Helen Oyeyemi has been shortlisted for the BBC National Short Story Award. Her story, “If a Book Is Locked There’s Probably a Good Reason for That, Don’t You Think?,” sees its protagonist arrive an office for work only to find “a mysterious locked diary.” Described by the judges as “brilliant,” her story is up against four others: Will Eaves’s “Murmur,” Jenni Fagan’s “The Waken,” Benjamin Markovits’ “The Collector,” and Cynan Jones’s “The Edge of the Shoal”—a shortlist that has been described as “enduring, bold, humane and moving.”
Founded in 2005 by the National Endowment for Science, Technology and the Arts (NESTA), with support from BBC Radio and Prospect magazine, the BBC National Short Story Award rewards an outstanding short story of a given year with 15,000 pounds. The 2017 award received 600 entries.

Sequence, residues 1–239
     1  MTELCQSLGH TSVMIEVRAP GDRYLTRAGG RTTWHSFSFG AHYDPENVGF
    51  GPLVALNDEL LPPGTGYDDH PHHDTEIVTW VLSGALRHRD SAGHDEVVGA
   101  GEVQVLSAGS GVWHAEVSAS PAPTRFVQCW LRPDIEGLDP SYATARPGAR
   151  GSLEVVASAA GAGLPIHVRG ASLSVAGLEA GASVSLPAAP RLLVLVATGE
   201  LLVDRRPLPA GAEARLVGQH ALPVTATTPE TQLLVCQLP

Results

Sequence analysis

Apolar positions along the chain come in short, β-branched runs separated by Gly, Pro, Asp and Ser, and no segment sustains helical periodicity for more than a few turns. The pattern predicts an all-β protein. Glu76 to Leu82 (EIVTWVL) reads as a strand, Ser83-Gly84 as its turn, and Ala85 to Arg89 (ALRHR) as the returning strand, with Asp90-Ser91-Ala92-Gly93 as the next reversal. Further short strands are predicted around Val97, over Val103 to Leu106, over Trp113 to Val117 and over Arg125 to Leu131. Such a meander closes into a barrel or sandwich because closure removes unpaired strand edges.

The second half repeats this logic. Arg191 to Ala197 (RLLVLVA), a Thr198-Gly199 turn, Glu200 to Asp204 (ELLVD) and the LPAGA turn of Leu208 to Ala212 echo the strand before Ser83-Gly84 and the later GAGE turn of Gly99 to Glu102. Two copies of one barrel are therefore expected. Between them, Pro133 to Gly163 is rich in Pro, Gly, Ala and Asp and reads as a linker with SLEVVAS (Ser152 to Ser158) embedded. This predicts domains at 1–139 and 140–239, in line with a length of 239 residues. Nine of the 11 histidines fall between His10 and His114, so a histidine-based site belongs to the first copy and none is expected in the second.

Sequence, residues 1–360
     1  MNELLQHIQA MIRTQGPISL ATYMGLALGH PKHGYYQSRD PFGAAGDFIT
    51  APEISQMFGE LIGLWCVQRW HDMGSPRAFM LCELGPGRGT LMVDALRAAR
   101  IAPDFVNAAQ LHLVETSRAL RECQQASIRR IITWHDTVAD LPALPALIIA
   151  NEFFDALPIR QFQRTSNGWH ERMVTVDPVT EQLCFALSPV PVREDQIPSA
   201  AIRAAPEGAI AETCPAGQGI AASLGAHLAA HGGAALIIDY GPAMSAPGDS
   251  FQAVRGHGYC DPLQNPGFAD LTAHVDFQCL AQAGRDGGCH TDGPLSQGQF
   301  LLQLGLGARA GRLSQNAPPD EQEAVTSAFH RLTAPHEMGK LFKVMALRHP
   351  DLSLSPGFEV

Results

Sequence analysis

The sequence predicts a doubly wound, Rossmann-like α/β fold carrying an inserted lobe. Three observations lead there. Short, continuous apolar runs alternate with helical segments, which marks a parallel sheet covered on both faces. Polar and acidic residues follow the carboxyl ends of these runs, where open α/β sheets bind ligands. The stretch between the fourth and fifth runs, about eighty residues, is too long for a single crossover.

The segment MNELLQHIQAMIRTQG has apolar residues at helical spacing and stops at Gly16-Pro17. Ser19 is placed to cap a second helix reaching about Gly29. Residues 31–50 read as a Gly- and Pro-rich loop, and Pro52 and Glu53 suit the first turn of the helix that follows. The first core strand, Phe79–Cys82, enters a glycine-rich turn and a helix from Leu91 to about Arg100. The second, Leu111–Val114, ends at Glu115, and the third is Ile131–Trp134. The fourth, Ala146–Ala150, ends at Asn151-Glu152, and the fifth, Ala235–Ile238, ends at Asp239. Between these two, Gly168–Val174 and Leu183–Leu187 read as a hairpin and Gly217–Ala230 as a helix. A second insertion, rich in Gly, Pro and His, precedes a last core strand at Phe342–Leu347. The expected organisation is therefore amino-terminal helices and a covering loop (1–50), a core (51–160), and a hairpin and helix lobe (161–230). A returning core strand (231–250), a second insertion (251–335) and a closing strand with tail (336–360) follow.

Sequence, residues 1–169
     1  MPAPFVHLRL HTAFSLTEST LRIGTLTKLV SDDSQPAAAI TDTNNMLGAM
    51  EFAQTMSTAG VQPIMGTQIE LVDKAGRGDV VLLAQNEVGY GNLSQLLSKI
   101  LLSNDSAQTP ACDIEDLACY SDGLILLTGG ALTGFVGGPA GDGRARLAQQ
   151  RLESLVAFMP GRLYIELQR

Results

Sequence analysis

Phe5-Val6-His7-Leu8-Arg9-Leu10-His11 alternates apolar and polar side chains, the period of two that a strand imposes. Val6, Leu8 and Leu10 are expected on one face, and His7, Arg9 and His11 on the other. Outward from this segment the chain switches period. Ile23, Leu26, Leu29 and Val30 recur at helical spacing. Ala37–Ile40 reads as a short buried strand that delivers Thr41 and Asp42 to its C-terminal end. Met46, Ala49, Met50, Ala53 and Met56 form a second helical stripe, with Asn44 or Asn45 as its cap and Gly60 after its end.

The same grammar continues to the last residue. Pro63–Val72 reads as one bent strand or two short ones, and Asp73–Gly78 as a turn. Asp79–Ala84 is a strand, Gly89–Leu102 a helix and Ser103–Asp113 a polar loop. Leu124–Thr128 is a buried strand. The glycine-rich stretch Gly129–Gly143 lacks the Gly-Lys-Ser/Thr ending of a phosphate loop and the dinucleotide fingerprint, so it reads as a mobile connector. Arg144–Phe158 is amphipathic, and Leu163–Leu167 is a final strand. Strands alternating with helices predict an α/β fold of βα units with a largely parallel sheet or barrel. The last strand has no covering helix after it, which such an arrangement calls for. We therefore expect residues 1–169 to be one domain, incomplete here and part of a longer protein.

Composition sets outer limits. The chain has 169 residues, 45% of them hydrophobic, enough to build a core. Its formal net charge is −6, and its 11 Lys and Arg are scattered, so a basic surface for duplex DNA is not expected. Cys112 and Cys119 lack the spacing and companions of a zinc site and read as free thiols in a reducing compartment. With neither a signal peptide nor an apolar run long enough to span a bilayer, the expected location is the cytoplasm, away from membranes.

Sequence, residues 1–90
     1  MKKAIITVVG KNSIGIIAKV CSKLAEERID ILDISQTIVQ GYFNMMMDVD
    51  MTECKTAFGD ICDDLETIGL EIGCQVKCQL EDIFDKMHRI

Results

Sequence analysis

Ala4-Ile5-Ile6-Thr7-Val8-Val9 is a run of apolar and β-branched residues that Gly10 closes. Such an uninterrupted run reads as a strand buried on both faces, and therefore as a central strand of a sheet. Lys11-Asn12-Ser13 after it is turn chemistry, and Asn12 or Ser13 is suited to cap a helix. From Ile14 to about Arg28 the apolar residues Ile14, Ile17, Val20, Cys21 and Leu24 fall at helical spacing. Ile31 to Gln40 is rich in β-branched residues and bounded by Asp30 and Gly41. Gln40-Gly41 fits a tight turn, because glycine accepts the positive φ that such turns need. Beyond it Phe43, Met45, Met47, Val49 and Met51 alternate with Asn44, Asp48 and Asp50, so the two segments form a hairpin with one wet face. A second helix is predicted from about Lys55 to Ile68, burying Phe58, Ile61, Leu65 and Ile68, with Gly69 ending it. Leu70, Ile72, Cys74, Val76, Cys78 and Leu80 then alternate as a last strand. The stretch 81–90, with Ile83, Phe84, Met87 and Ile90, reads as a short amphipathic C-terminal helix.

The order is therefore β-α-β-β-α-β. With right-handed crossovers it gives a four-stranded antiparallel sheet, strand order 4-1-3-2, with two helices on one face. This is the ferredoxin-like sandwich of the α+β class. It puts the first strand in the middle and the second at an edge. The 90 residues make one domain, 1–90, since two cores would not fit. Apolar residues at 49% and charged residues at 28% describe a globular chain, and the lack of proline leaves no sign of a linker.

The judges include Eimear McBride, Baileys Prize winner for A Girl Is a Half-Formed Thing, and Joanna Trollope. The panel described their choices as “a veritable festival of ideas about identity, the innate and the capacity of both for transformation…or not.”
These are stories about what is hidden, what is revealed, what can be lost and what will remain. While they inhabit very different imaginative, linguistic, political and artistic landscapes, these are the ideas that bind them together and have made each one such a pleasurable discovery for me.
All five of our shortlisted writers have embraced the freedom that short fiction offers and all their stories sing out, enduring, bold, humane and moving. However different in style and shape, they prove just how exciting and current the short story is in the UK just now.
The winner will be announced on 3 October.
Congratulations to Helen Oyeyemi.